Reflections on His Goofiness: William Gillis on Positive and Negative Liberty 5

Goofy Gillis has a lengthy interview podcast interview available. Listen here.

Here’s my general take on the content of this interview.

He’s not unintelligent, and much of what he is saying is not “wrong” per se. But I know enough about him to know that his idea of “freedom” amounts to the de facto compulsory universalization of the PC/SJW/Antifa/call-out culture paradigm, although perhaps enforced by extra-legal vigilante violence rather than a conventional state.

His ideology seems to be “Total positive freedom to make unlimited choices resulting in absolute diversity, except for people who might do something I don’t like, such as being ‘reactionary.'” That’s consistent with the nonsense I’ve seen in his Twitter feed.

Technology or no technology, progress or no progress, the evidence from all relevant fields shows that humans are naturally tribal in a social context, and individual values are rooted in their psychological and genetic proclivities. Where there is “freedom,” there is “diversity.” But diversity often includes the existence of polar opposites.

The Native American nations included hundreds, maybe thousands, of tribes. Look how much diversity there was among them. Greece included thousands of cities, many of which were very different from each other. Traditional China included thousands of village communities, with different villages often having their own folk religion. The “freedom of religion” idea in the 1st amendment has produced tens of thousands of religious denominations, many of which are very, very different from each other, and which often hate each other’s guts. Gillis is like someone who says, “I believe in freedom of religion….except for those Rastafarian pot heads…or…except for those ‘reactionaries’ that don’t want lesbian pastors.”

Gillis’ position seems to be “I am in favor of the right to do whatever you want and make whatever choices you want, as long as it doesn’t involve anything un-progressive.” It’s the same argument I’ve heard for decades from “right-wing conservatives” who say, “I believe in freedom…except for all of THOSE people (gays, hippies, druggies, antiwar protestors, flagburners, etc.).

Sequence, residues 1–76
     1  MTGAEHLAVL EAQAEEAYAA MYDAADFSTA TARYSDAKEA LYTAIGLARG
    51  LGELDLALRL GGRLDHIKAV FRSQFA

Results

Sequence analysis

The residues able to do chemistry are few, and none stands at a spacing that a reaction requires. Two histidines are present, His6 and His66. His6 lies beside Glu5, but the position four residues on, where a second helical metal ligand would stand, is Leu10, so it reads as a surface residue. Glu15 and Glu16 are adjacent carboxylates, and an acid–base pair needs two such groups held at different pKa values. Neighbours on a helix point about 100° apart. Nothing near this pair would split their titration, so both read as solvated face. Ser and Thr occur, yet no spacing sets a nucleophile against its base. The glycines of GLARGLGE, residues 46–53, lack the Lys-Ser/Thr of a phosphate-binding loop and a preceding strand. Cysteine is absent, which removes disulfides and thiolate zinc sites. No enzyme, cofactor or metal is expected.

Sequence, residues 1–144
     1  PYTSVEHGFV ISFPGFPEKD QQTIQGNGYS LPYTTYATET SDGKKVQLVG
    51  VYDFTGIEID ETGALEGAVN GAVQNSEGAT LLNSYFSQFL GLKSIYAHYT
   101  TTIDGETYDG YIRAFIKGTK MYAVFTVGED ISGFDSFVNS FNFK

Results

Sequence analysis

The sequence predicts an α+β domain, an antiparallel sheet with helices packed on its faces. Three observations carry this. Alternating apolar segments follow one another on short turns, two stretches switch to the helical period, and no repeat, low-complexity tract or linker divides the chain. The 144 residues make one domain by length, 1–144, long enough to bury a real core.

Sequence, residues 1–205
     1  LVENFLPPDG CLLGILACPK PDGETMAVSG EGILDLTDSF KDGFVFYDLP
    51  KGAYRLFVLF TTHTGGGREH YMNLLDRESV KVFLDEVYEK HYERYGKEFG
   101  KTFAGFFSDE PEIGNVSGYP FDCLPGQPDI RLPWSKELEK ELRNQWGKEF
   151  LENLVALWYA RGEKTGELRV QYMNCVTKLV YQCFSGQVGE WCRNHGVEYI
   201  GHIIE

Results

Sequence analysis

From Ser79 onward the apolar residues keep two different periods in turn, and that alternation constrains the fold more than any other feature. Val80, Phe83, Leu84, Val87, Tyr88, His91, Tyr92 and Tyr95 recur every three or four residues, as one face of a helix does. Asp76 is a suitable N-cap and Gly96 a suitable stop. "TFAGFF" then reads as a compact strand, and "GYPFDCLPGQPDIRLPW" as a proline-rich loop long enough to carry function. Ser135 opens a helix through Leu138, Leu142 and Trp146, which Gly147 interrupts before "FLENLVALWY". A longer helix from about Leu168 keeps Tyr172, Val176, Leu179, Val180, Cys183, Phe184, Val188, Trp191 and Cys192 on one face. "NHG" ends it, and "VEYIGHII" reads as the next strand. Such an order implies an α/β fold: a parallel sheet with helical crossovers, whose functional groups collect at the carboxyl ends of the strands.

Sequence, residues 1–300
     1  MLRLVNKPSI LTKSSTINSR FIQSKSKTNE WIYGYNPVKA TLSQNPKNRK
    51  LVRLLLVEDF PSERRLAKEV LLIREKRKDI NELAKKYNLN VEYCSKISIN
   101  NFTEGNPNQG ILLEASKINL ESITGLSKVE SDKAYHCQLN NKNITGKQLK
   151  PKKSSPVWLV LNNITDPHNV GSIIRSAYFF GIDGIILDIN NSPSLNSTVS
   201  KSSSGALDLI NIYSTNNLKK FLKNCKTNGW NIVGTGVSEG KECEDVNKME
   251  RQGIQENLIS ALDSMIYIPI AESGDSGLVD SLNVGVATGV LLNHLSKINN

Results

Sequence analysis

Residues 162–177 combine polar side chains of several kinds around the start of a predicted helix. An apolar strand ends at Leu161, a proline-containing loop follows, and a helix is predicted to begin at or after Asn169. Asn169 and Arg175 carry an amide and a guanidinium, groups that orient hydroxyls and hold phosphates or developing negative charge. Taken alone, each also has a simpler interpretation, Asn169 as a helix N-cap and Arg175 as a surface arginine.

One thing Gillis and I would probably agree on is that a libertarian society would need some kind of over-arching cultural foundation that upholds and legitimizes the libertarian “order.” I think there is a wide range of philosophical systems that are compatible with a generally libertarian political/legal framework. I also agree that oppression can exist outside the purely political/legal realm per se, such as monopolization of economic resources and severe economic disparities. A cultural environment can also be so oppressive that it would be hard to have freedom irrespective of the kinds of political arrangements that exist. The most obvious example from the present era is Wahhabism.

But I think there is a wide range of philosophical systems that are compatible with “freedom,” generally speaking. The Lockean-Jeffersonian classical liberal/Enlightenment tradition, utopian socialism (Fourier/Owen), classical anarchism, Green decentralism/municipalism, the Russell Kirk/Robert Nisbet version of Burkean conservatism, a Tolkienesque traditionalism, the folkish localized traditionalism of some neo-pagan types, a vast range of indigenous traditions and agrarian communal traditions, the Anabaptist-influenced traditions within Christianity, Kharijite, Sufi or other “liberal” traditions within Islam, certain forms of Buddhism, postmodern cultural relativism of the kind the Foucault-influenced sectors of the far left sometimes embrace, the De Benoist-influenced sectors of the “far-right.”